This file handout photo made available by the Iranian Army office on January 5, 2021, shows drones on display prior to a military drone drill at an undisclosed location in central Iran. Image Credit: AFP

Washington: Iran is preparing to supply Russia with hundreds of drone aircraft, including advanced models capable of firing missiles, the Biden administration said on Monday, publicly revealing what US officials say is a secret effort by Tehran to provide military assistance for Russian’s attacks on Ukraine.

The planned delivery of unmanned aerial aircraft, or UAVs, disclosed by National Security Adviser Jake Sullivan at a White House briefing, could provide a significant boost to Moscow’s efforts to find and destroy Western-supplied artillery and other weapons systems that have slowed the advance of Russian troops in recent weeks.

Sullivan said Iran is also preparing to train the Russians on how to use the weapons, with initial training sessions set to begin as soon as this month.

“Our information indicates that the Iranian government is preparing to provide Russia with up to several hundred UAVs, including weapons-capable UAVs on an expedited timeline,” Sullivan told reporters in the White House briefing room.

“It’s unclear whether Iran has delivered any of these UAVs to Russia already,” Sullivan said, “but this is just one example of how Russia is looking to countries like Iran for capabilities.”

The revelation comes as President Joe Biden prepares to depart for the Middle East, where he is expected to confer with key allies on a unified regional policy toward Iran. Tensions between Washington and Tehran have been further strained in recent weeks, amid faltering nuclear talks and an uptick in rocket and drone attacks on US military installations in the Middle East, conducted by militia groups armed and funded by Iran.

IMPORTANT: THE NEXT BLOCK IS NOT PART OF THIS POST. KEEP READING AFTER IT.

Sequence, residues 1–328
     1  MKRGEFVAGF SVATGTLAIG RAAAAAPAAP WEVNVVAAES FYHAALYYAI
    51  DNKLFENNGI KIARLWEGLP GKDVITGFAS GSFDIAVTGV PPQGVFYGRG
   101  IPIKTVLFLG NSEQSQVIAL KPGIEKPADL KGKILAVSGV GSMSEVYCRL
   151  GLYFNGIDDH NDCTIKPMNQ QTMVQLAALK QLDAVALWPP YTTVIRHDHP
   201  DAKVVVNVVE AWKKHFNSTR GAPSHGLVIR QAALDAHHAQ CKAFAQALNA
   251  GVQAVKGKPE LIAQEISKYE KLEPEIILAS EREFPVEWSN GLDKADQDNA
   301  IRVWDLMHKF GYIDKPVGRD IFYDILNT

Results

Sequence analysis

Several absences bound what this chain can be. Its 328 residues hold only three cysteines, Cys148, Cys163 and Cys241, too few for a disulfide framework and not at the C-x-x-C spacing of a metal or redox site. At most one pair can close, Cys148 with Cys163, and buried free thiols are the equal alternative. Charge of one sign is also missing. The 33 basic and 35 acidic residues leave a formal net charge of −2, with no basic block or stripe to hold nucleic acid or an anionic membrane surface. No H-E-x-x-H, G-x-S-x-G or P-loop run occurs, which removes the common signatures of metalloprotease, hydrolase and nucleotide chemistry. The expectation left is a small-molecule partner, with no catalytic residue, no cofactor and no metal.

While Russia has its own extensive arsenal of drones, the arrival of Iranian aircraft could help Moscow replenish a key weapons system that suffered heavy losses during the four-month conflict. Surveillance UAVs play a crucial role in the targeting of enemy forces by artillery, and weaponised drones can hover over the battlefield for hours, launching missiles that can destroy tanks and other armoured vehicles.

Iranian leaders have freely shared UAV systems with outside groups, most especially pro-Iran militias in Iraq, Syria and Yemen. Iranian-designed drones have been used to attack US and allied military bases in the Middle East, as well as civilian targets such as oil refineries.

Over the years, Russia has been a key trading partner and occasional military ally to Iran. While Moscow joined the United States and European Union in backing the 2015 Iranian nuclear deal, it also fought alongside Iran in helping defend Syrian leader Bashar Al Assad - a key ally for both countries - during Syria’s 11-year civil war.

Iran’s apparent decision to provide military assistance to Moscow could further undercut efforts to revive the nuclear accord. After former president Donald Trump’s unilateral withdrawal from the agreement in 2018, Iran reneged on its promise to limit its stockpile of enriched uranium to levels far below what would be needed to build a nuclear weapon. Since then, Tehran has blown past the agreed restrictions and now possess enough fissile material to make at least one bomb, if it decides to do so, according to nuclear weapons experts. US intelligence agencies say they have seen no evidence to date that Iran has begun making actual weapons.